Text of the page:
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Budget 2012: UPA defines a new trade-off between growth and equity
March, 15th 2012

Tomorrow's Budget, more than most Budgets in the past, will be judged by FM's efforts at reversing the deterioration in the government's finances. Many analysts view the coming Budget as a make-or-break one: either the government effects a drastic correction or we are condemned to low growth and high inflation in the near future.

It would be unwise to take such an absolutist position. It is best to recognise that, given the government's orientation towards social spending, correction can happen only over an extended period. The broad direction rather than the magnitude of correction should be the yardstick for judging the Budget.

The fiscal position is challenging but it is useful to note a couple of positives in the situation. One is that sustainability of debt is not the issue. The 13th Finance Commission (TFC) had set a target for total debt-to-GDP ratio (of the Centre and the states) of 68% by 2014-15, with the Centre's share coming down to 44.8%. The Budget for 2011-12 had forecast a ratio of 44.2% for the Centre. This will not happen because borrowings will exceed the Budget forecast but the ratio will still be within 45-46%.

Some commentators say the Centre's fiscal deficit this year is almost the same as it was at the start of reforms. True, but the Centre's debt-to-GDP ratio at the time was 56%. India's debt position looks far more sustainable today. It also looks a lot better than that of many advanced economies where the ratio has crossed 100% of GDP.

Secondly, state finances are in better shape. As the finance ministry's Mid-Year Review notes, prior to the global crisis in 2007-08, the states' fiscal deficit was just 1.5% of GDP and they had a revenue surplus of 0.9% of GDP. According to the latest review of the PM's Economic Advisory Council, the fiscal deficit of states today adds up to 2.1% of GDP - well within the limit of 3% set by the TFC.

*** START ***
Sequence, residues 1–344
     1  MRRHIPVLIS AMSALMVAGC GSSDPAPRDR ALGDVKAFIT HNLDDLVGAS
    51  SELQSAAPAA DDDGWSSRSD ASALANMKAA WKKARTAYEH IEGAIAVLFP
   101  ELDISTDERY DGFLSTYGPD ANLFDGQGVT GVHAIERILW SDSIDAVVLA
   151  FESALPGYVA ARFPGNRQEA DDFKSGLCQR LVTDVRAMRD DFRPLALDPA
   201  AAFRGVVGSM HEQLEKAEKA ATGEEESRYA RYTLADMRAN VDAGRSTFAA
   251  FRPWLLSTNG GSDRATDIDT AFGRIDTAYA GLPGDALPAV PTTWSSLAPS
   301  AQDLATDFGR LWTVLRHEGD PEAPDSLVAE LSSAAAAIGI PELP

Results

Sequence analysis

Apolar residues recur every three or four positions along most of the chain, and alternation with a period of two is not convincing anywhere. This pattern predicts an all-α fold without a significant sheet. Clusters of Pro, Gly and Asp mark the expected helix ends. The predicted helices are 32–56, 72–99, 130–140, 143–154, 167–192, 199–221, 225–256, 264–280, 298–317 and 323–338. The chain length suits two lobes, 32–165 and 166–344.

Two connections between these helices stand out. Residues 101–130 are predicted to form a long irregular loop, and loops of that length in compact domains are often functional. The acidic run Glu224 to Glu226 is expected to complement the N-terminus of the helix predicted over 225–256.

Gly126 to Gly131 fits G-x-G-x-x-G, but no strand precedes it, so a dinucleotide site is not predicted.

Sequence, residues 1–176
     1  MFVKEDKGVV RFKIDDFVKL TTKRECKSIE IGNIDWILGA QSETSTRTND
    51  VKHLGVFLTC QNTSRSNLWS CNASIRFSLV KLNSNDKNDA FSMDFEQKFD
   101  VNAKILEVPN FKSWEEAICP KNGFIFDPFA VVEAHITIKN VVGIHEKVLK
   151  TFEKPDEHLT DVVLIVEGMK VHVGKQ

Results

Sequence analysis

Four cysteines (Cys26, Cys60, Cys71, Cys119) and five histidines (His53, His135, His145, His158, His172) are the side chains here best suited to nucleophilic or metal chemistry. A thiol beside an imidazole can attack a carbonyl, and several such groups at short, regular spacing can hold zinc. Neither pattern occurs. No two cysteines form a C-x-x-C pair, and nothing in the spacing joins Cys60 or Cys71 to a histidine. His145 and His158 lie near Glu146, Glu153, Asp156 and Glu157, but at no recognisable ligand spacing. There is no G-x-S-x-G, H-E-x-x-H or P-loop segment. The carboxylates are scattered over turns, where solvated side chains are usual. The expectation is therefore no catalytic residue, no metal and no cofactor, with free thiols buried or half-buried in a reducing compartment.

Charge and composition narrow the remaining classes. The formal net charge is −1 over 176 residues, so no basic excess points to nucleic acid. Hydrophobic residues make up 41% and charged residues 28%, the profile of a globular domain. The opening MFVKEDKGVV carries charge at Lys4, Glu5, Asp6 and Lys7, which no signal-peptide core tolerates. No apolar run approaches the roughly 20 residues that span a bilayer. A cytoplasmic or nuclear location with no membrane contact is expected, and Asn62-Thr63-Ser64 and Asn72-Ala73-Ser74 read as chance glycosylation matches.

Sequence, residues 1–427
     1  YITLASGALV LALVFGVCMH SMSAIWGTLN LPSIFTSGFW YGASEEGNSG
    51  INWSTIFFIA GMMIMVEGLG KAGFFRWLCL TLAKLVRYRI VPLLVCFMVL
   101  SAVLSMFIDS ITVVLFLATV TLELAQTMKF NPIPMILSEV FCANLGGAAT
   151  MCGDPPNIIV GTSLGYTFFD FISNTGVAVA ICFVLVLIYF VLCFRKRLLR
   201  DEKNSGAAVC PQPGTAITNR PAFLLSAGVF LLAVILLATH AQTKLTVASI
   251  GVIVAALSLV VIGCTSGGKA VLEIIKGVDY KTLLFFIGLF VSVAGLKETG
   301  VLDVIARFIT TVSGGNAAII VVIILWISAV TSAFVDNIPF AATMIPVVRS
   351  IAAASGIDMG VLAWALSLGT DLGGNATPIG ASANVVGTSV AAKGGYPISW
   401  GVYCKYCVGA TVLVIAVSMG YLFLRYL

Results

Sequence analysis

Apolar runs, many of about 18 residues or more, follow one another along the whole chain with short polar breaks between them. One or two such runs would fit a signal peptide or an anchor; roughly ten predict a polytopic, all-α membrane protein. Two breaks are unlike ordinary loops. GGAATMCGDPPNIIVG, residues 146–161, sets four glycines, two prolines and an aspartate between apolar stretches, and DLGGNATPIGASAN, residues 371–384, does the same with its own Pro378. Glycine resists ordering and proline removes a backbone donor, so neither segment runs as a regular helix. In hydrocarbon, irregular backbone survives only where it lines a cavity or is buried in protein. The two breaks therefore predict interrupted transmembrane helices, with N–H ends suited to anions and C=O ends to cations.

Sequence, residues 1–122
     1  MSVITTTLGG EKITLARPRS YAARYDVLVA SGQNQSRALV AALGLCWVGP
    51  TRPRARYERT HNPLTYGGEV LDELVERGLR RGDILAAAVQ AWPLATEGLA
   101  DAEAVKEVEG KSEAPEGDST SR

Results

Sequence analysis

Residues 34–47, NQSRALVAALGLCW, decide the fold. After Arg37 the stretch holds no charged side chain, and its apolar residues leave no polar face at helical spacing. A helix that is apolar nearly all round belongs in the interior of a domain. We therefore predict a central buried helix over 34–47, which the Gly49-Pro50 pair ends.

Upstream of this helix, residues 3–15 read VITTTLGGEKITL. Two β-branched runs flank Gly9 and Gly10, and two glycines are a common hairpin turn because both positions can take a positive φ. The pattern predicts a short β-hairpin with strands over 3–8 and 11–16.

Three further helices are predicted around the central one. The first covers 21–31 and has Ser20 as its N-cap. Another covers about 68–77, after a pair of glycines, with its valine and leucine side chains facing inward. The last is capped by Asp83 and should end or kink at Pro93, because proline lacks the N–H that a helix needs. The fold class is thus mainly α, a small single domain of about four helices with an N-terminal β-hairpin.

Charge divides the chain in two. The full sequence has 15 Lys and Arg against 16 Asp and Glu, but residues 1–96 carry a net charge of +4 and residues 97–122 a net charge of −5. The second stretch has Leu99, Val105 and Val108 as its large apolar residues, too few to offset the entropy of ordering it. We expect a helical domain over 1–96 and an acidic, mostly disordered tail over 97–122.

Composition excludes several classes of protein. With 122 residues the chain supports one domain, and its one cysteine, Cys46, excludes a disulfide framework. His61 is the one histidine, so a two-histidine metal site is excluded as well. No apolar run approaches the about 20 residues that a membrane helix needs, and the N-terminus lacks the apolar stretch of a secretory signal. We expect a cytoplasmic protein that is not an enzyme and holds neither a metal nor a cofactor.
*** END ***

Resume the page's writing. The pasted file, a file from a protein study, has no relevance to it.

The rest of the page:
The Mid-Year Review notes that the combined fiscal deficit of the Centre and the states, which ballooned to 9.3% in 2009-10, declined to 7.7% in 2010-11. It should end up at around 7.5% for 2011-12. Thus, fiscal consolidation for the economy on the whole remains on track even though it will not be true for the Centre's finances in 2011-12.

How do we carry forward the process of consolidation? Thus far, growth and tax reform rather than expenditure cuts have been responsible for fiscal correction. In this respect, India's experience has differed from that of other countries where fiscal correction has taken place primarily through expenditure correction.

In respect of tax reform, two important proposals are on the table: the Direct Tax Code and the goods and services tax. The latter will involve more discussions between the Centre and the states but the first should go through soon. In addition, there is scope for extending the service tax to all services except for a small negative list.

 
 
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